the poet-tree (Srijan shukla & gieve patel)
Today, I bring to you two different poems. They are put together for no other reason but because they are about trees and पौधे. The other idea that brings the two poems together is the use of metaphor.
I read Srijan’s poem the way I would read Ginsberg’s Howl, not in terms of style and intent but as a portrait of a kind of person/people. Not once does the poem explicitly state who it is describing. There is an impulse that it describes. I read it as a creativity or creation. The figurine of 'those who plant things' is carved out with love and a lingering awe. There is a tongue-in-cheek admiration, a subtext of wit and celebration of the ordinariness of their becoming. their quiet inspiration. The poem makes me fall in love with people who plant things, and want to be one of them!
As with the first poem Gieve Patel talks about an attitude without ever stating it explicitly. If Srijan’s poem is about creation, nurturing and the creative drive, Patel’s is about killing. The context in which I first encountered this poem made it very clear that the poem is about censorship. However, it could be anything, it could simply be about the way we treat our environment. or about the absurd impulse that we have to destroy beautiful and thriving things/ideas.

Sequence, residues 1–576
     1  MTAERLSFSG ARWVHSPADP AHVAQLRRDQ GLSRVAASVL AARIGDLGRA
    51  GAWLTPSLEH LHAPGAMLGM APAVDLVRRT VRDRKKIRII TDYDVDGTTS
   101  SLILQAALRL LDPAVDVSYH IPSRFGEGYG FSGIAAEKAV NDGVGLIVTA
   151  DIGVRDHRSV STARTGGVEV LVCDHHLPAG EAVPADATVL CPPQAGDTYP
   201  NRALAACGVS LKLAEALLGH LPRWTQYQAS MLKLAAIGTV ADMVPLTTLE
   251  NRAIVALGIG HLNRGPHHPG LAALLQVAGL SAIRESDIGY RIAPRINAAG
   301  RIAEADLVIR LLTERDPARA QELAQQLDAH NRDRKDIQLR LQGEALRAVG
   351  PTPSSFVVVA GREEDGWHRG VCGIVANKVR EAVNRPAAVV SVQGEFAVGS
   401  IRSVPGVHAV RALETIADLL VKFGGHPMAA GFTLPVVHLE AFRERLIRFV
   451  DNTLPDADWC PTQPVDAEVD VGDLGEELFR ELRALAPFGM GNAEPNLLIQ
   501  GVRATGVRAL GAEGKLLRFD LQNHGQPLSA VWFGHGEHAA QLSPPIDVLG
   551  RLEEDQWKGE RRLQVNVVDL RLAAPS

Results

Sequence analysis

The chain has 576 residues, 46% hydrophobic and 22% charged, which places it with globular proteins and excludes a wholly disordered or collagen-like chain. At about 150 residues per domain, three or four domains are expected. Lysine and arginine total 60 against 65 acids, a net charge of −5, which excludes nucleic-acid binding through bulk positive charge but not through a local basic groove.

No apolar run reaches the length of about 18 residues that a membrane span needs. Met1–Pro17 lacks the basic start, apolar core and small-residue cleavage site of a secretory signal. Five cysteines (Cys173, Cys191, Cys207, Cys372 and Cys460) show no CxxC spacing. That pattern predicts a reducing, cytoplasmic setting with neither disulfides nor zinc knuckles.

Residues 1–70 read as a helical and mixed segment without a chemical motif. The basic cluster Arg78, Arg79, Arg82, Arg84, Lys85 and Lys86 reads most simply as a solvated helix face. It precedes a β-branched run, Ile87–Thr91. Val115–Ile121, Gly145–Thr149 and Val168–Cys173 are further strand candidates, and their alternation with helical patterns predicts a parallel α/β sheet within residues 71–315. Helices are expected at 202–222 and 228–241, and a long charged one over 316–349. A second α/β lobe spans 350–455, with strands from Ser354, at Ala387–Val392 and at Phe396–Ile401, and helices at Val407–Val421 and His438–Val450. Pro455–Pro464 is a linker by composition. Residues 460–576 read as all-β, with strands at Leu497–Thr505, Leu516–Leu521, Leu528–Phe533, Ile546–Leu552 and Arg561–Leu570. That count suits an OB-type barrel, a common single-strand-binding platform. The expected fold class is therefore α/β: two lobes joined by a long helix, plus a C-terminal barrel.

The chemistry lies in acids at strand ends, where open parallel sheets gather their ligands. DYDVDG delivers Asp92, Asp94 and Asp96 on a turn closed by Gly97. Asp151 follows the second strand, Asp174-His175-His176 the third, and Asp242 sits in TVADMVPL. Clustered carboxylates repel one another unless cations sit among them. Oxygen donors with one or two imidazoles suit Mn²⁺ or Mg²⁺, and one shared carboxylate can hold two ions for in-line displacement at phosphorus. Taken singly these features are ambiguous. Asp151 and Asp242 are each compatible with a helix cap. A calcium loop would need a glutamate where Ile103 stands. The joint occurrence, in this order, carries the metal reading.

The use of metaphor in both these poems makes them open to multiple interpretations. The style is nurturing of imaginative exploration, rather than pedantic.
It is important to remember both impulses today when the BJP state Government is siding with corporate giants and development pundits (even filmmakers and celebrities) in the war against the Aarey forest. While some might read the judgement which temporarily suspended further killing of trees in the area as a positive thing, arguably, the damage has already been done. In line with the development agenda of the centre, this act is another nail in the coffin of an already asphyxiated urban landscape. It is also an attack on the livelihoods of the adivasi communities that reside there in peaceful co-existence with their environment.